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How Is Breaking The 4 GHz Barrier Possible?

A 4.1 GHz Dual Core at $130 - Can it be True?
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A closer look at the processing cores in the 805 CPU reveals that the device is fabricated with a B0 product code (stepping). The first core in the 800 series on which this CPU is based was fabricated using the older A0 version instead.

The first items Intel fabricated in the 800 series were delivered with A0 version cores


The successor series used the B0 version cores, and this is the series to which the Pentium D 805 cores belong.

There aren't any significant differences between the two versions when it comes to energy saving functions or instruction sets, but it's easy to recognize from the B0 version that the Pentium D 805 really belongs to the second production series for this CPU. The motivation for a version update usually comes from further optimizations to the circuit layout or fabrication process, as well as corrections for design or behaviour errors. On all counts, the B0 version is an improvement over the older A0 version. Since this version could handle CPU clock rates of 3.2 GHz at the beginning of the series without any problems, a consequence of these improvements is that all B0 version CPUs should be able to handle CPU clock rates of at least 3.2 GHz. This was the theory we formulated before we started testing the Pentium D 805.

Processor Clock Rate Version sSpec Number
Pentium D 840 3.20 GHz A0 SL88R
Pentium D 830 3.00 GHz A0 SL88S
Pentium D 820 2.80 GHz A0 SL88T
Pentium D 840 3.20 GHz B0 SL8CM
Pentium D 830 3.00 GHz B0 SL8CN
Pentium D 820 2.80 GHz B0 SL8CP
Pentium D 805 2.66 GHz B0 SL8ZH
Summary
  1. A Budget CPU At Top Speeds
  2. A Budget CPU At Top Speeds, Continued
  3. Inside the Pentium D 805
  4. The Secret Of The Multiplier
  5. 133 MHz FSB: Perfect For Overclocking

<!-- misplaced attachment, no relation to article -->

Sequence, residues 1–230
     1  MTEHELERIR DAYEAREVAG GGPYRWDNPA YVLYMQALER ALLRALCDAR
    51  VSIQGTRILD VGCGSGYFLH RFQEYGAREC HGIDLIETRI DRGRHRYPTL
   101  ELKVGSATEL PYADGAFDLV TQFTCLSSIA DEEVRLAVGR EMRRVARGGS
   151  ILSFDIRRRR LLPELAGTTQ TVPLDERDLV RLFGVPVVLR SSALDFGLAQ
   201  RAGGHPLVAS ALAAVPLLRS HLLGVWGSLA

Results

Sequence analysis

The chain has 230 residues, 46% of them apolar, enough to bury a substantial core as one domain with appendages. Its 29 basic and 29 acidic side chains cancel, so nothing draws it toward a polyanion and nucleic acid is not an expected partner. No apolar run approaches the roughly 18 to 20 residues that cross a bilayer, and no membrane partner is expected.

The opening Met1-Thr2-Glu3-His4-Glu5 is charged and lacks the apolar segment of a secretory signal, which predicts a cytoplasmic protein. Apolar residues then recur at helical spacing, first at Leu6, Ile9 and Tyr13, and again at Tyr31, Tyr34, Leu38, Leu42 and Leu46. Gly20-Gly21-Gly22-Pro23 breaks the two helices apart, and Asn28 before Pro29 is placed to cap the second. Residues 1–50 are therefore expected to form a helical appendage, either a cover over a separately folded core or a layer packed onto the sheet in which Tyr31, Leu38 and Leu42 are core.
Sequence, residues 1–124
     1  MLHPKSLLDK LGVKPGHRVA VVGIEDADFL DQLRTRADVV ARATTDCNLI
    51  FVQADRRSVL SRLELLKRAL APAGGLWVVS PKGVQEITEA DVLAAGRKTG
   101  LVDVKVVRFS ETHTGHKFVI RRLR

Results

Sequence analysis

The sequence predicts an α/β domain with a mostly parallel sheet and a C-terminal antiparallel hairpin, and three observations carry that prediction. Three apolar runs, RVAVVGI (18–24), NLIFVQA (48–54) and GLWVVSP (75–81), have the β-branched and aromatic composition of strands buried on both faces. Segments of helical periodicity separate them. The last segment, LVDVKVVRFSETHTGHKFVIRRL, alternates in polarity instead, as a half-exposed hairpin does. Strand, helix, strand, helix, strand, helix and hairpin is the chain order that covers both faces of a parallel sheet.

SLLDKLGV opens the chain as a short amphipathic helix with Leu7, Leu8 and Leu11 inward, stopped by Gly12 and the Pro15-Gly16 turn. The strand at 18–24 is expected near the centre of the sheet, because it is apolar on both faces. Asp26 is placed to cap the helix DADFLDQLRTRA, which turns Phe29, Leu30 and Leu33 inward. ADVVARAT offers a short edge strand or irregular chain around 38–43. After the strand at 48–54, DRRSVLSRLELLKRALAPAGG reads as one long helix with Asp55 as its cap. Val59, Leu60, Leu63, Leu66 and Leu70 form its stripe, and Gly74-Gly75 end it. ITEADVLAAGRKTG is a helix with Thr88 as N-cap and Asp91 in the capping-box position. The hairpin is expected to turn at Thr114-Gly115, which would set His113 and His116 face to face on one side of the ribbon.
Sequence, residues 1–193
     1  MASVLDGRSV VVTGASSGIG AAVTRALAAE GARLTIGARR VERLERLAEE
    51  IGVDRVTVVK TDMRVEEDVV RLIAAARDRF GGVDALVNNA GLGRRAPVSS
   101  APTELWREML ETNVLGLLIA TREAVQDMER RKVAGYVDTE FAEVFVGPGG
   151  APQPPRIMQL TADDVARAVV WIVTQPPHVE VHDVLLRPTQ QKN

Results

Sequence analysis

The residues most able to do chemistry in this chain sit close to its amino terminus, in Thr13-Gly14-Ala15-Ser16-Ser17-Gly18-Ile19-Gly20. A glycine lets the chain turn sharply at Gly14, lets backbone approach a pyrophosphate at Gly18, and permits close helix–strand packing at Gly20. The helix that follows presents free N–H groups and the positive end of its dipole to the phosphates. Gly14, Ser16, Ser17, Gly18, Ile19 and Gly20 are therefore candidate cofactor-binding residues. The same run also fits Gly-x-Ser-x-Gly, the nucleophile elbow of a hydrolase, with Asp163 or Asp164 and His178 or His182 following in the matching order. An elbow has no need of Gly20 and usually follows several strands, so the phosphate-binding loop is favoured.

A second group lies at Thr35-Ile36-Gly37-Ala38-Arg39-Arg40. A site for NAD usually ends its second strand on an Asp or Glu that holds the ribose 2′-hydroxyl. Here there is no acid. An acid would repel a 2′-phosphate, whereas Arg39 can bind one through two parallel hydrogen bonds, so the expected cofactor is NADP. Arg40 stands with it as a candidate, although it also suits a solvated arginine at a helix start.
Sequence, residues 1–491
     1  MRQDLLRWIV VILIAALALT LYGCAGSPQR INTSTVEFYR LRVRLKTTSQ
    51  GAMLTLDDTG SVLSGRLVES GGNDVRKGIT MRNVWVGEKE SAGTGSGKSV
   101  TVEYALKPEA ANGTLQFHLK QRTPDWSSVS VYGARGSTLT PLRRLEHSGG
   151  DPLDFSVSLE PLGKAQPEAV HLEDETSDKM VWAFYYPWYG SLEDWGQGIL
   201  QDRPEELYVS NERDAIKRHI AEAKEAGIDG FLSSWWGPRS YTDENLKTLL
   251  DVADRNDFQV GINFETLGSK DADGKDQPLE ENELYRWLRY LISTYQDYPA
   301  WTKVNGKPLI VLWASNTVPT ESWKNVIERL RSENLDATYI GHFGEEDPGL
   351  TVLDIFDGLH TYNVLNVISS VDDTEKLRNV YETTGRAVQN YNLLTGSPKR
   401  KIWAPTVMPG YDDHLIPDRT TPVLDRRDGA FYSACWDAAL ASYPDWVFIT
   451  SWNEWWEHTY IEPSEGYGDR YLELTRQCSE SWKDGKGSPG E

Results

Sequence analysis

6. How Is Breaking The 4 GHz Barrier Possible?
  7. How Is Breaking The 4 GHz Barrier Possible? Continued
  8. How Is Breaking The 4 GHz Barrier Possible? Continued
  9. Three Theories Where The Customer Comes Out Ahead
  10. Which Memory Clock Speed Is Most Suitable?
  11. The Right Chipset
  12. Keeping Cool When Power Consumed Tops 150 Watts at 4.1 GHz
  13. Keeping Cool When Power Consumed Tops 150 Watts at 4.1 GHz, Continued
  14. Power Consumption Levels Top 200 W
  15. Power Consumption Levels Top 200 W, Continued
  16. Energy Saving Functions Lack C1E
  17. Risk-free Overclocking, Including Heat Protection
  18. Ready For The 64 Bit Future
  19. Tom's Hardware Guides Overclocking Diary
  20. 3.33 GHz Remains Stable At Standard Voltage Levels
  21. 3.33 GHz Remains Stable At Standard Voltage Levels, Continued
  22. Trouble Free Operation At 3.60 GHz
  23. At 3.8 GHz Some Minor Voltage Increases Become Necessary
  24. Water Cooling Is Recommended For 4.0 GHz
  25. Water Cooling Is Recommended For 4.0 GHz, Continued
  26. Overclocking To 4.10 GHz Boosts Basic Clock Speed By 54 Percent
  27. Overclocking To 4.10 GHz Boosts Basic Clock Speed By 54 Percent, Continued
  28. Will The System Boot At 4.3 GHz?
  29. Benchmark Results Show Performance Increases Of Up To 54 Percent
  30. 3D, Continued
  31. 3D, Continued
  32. Video Editing / Video Encoding
  33. Video, Continued
  34. Video, Continued
  35. Audio Encoding
  36. Office Applications
  37. Office Applications, Continued
  38. Parallel Applications - Multitasking
  39. Synthetic Benchmarks
  40. Synthetic Benchmarks, Continued
  41. Synthetic Benchmarks, Continued
  42. Synthetic Benchmarks, Continued
  43. Summary Overview: Who's The Winner?
  44. Conclusion: The 4.1 GHz Dual Core Delivers Peak Performance For Pocket Change
  45. Conclusion, Continued
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